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May 26, 2012

Tide's caravan moving on to Oklahoma City

TUSCALOOSA | The caravan rolled into the University of Alabama softball program four years ago. In a couple of days, it will roll to Oklahoma City for the third time to play in the Women's College World Series.

The caravan came from near and far: Jazlyn Lunceford and Olivia Gibson from Tuscaloosa County High and Tuscaloosa Academy, respectively; Kendall Dawson from Plant City, Fla.; Jennifer Fenton from Kennesaw, Ga.; and Cassie Reilly-Boccia from Yorktown Heights, N.Y. They were the freshman class of the 2009 season.

"We came in together and we were called the caravan," Fenton explained. "We always called ourselves the caravan because we rode everywhere together, we were always, always together. That's what made us special."

The class got even more special with the addition of Amanda Locke of Mesquite, Texas. Locke arrived at UA the year before but sat out her first season as a redshirt. Her freshman season on the field coincided with the arrival of the caravan.

"We call ourselves the caravan, so she makes a joke and says, 'Well, I'm the bus driver,'" Fenton said. "We love Amanda. We're so glad she's a part of our senior class."

Together, they have won an average of 53.5 games per season, and their final year isn't over yet. Their .846 winning percentage over the last four years is tops in the nation for any group of seniors. They have won back-to-back-to-back Southeastern Conference regular-season championships, and twice won the SEC tournament title. They have won four NCAA regionals and twice played in the semifinal round at the World Series.

They are, UA coach Patrick Murphy believes, far greater than the sum of their parts.

"They're much better kids, teammates, workers, than they are athletes," Murphy said. "They're good softball players, obviously, but they're much better as a group. They know their roles and they play them to perfection."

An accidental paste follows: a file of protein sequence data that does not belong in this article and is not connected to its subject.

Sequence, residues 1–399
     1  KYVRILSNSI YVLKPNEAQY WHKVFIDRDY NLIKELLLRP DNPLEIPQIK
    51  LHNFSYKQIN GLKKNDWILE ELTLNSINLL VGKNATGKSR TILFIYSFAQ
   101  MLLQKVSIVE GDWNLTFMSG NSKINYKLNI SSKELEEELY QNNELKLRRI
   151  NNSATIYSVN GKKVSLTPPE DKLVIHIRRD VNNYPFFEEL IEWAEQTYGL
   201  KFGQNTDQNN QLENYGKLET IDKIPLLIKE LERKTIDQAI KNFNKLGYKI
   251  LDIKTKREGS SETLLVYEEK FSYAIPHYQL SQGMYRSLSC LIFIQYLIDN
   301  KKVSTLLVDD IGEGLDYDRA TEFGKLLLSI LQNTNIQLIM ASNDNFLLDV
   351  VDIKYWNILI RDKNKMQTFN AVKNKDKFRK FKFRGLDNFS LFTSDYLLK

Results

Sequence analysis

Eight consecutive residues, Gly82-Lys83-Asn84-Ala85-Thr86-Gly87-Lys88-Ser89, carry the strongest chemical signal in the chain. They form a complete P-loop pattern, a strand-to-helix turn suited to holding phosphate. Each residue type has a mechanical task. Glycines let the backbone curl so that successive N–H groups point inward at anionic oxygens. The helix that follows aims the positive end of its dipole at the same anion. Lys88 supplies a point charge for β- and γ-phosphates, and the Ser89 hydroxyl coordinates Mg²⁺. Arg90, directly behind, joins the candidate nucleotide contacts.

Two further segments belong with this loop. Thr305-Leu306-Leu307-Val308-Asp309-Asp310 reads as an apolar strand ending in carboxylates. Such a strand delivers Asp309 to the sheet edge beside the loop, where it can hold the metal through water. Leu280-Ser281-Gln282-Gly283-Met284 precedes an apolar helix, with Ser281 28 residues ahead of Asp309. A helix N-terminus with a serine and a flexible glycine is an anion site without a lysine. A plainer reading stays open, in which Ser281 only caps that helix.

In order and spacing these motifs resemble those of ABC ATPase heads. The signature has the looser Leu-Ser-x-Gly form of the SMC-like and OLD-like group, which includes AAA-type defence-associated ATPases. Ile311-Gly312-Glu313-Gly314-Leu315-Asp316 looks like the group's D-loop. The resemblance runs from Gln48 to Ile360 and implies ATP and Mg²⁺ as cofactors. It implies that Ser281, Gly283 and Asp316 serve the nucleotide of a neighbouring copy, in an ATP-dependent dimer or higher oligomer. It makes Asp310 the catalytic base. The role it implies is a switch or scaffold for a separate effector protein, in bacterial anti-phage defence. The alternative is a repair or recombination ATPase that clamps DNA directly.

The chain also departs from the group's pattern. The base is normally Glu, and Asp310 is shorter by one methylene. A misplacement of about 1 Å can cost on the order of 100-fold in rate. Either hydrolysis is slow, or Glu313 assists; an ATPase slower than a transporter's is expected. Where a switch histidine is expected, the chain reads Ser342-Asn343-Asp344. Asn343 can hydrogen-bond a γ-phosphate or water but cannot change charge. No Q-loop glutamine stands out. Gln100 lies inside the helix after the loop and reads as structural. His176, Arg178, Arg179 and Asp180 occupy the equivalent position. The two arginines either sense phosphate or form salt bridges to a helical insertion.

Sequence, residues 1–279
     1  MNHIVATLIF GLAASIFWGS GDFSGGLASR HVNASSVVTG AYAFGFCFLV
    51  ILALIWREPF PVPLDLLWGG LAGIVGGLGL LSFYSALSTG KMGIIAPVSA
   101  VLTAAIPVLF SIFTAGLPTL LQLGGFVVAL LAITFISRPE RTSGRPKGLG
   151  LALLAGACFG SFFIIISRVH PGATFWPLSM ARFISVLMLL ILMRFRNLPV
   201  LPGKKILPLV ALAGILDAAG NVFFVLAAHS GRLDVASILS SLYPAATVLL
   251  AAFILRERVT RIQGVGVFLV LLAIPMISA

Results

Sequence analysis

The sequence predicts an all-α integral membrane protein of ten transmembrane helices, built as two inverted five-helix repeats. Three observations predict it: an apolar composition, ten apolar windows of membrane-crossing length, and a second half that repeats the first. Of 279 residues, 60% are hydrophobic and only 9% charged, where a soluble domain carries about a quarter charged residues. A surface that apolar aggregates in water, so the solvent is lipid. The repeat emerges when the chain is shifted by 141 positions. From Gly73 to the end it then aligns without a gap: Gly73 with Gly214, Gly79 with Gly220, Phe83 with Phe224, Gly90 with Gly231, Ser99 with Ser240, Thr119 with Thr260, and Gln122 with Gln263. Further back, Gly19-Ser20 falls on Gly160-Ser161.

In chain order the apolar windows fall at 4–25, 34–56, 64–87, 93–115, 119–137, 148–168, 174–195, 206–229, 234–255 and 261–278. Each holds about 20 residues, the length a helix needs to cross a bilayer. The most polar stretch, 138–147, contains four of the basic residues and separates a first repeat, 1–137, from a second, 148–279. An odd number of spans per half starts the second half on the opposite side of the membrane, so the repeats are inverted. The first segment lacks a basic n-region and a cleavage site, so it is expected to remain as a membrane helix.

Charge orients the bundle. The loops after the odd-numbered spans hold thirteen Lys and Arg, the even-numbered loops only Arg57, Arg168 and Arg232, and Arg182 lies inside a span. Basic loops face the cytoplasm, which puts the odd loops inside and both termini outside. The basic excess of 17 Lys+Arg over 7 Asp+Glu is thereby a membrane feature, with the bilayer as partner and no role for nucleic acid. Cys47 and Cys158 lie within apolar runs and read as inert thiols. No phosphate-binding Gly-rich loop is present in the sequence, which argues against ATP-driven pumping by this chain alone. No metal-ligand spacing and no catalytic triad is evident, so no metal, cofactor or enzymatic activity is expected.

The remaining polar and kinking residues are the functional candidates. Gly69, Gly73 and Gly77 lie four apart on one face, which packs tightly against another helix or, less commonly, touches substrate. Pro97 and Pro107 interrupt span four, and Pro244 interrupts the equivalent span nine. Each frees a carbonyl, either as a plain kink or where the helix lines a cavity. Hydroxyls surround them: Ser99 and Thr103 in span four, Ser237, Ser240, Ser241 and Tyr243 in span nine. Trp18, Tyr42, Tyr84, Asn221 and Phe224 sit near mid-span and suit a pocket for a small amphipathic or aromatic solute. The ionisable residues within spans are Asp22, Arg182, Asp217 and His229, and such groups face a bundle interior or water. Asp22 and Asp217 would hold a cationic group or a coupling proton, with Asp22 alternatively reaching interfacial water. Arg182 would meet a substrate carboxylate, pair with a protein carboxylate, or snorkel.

The key, said the coach, is chemistry.

"There's just not that many classes that get each other like sisters, and they do," he said. "From the very beginning, we all recognized it. There's something special about them."

Having six seniors on a 20-player roster requires a delicate balance. Leaders could step on each others' toes, but with this group it hasn't happened.

"There wasn't one person who stood up and said, 'I'm going to be the leader,'" Reilly-Boccia said. "It was this person became a vocal leader, this person kept leading by example, this person would be someone that we needed to hold other people accountable, so everyone fell into very specific leadership roles."

Kayla Braud, a junior outfielder, has watched the seniors grown into those roles. Each, she said, brings a different form of leadership. Here is her take on how they lead:

On Reilly-Boccia: "She does the right things, she says the right things, she plays the game right. What Cassie brings to this team is the supreme wisdom of the game, and she shares that with other people."

On Fenton: "She's a vocal leader who's going to hold you accountable. That's what we need sometimes, somebody to tell us how it is, and Jen does a great job of doing that respectfully."

On Lunceford: "Jaz is the leader by example. She is the kind of person that plays all-out, all the time. She's one of those that you watch and say, 'I want to play just like her.'"
On Locke: "She has emerged as kind of the mom, in a sense. She's going to take care of you, she's going to be there, she's going to talk to you and help you through your problems, but at the same time she's strong for this team."

On Dawson: "Kendall is the leader on the field. Her presence behind the plate (at catcher) is just unmatched. She has a calming presence."

On Gibson: "Olivia is our person who is just happy all the time. She's joyful and in a good mood and brings everybody together in helping us understand that it's not always about softball, that there are other things that are important."

All of that leadership, all of that ability, wouldn't mean as much if the players didn't mesh.

As Fenton put it, "We became one."

They will play at the World Series together, their last experience as a senior class. And when they do, they will remember the common ground that molded them into a unit.

"We really love playing with each other, we love playing for each other," Fenton said. "No one has any intent of doing it for themselves. We're going to do it as a team. We just have fun together, that's what it is. We love playing softball and we love doing it together."

Reach Tommy Deas at tommy@tidesports.com or at 205-722-0224.



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